Complete with faux-ivy crawling over the brick walls and ceiling, Sabra’s brand new pop-up restaurant, Hummus House, initially appears to be a traditional Middle Eastern eatery with a modern twist.
After spending a few moments inside, however, it’s clear that this place is far from authentic. In fact, the pop-up has a distinctly unpleasant corporate atmosphere to it. The embarrassing stock photos and the Sabra logo scattered everywhere only reinforce the sense that you’re inside a pop-up advertisement.
A small gathering of protesters were present in front of Hummus House, muttering the words “boycott Sabra” to passersby. One of the joint owners of Sabra, the Israeli food product manufacturer Strauss Group, has allegedly supported the controversial Israeli Defense Force Golani Brigade for years, prompting worldwide boycotts of Sabra products. In terms of first impressions, this one certainly wasn’t the most pleasant.
Upon entering the store, a friendly host greeted me and walked me to the restaurant area, passing the refrigerator of prepackaged Sabra products and a staircase to the empty second floor—giving a hollow vibe to the odd marketing stunt. Once I accepted it for what it was, though, the rest of the dining experience was admittedly quite pleasant.
I ordered the Baba Ghanoush and pita chips to start, curious to try something Sabra does not sell in grocery stores. The dish was as simple as it was advertised, but it did not disappoint. The roasted eggplant came through delicately and the creaminess of the dip was complemented by the salty crunch of the pita chips.
The hummus plate entree came as a large platter of warm, thick hummus topped with chickpeas and tahini. Italian olive oil and sea salt garnished the dip, and it was served with perfectly toasted pita bread and crunchy pita chips. The platter also included guacamole, roasted red peppers, and sliced vegetables from a local farm—all fresh and colorful additions to the pop-up’s signature platter.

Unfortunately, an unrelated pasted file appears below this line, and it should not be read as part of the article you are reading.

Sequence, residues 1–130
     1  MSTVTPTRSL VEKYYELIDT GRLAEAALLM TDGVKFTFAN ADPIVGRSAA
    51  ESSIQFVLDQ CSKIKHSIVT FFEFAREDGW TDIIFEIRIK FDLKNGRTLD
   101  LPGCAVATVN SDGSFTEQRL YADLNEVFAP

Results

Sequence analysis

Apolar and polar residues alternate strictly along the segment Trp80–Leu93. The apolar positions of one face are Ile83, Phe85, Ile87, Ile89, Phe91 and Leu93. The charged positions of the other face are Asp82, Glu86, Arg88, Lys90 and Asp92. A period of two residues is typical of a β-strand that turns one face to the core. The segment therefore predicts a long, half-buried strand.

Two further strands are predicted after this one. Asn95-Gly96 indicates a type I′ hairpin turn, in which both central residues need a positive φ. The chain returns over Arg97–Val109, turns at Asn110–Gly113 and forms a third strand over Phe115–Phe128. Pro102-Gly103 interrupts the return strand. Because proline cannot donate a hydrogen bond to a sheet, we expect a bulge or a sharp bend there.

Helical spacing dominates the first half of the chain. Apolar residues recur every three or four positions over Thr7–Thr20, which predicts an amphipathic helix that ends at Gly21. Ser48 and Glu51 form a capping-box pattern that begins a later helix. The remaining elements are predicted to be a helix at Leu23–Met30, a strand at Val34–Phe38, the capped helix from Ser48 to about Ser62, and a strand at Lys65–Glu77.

I had tasted Sabra hummus before from Safeway, and while gourmet for a college budget, a warm version didn’t sound all that exciting. I was pleasantly surprised. While a gentleman was preparing hummus from scratch at a table set up adjacent to mine, he told me this dish was going to be “the best damn hummus” I had ever tasted.
This hummus was nothing like the store bought kind. Each of the fresh flavors competed for attention, and the olive oil and pita alone were delicious. The guacamole was good, too—better than store bought, but nothing special and vividly incongruous with the Mediterranean vibe of the Hummus House.
If you need to ease your hummus cravings, dip into Hummus House before it closes its doors on Oct. 26. Just remember to leave your consumerism at home as you enter this chickpea-flavored, store-shaped billboard.
1254 Wisconsin Ave. N.W.
11 a.m-9 p.m, through Oct. 26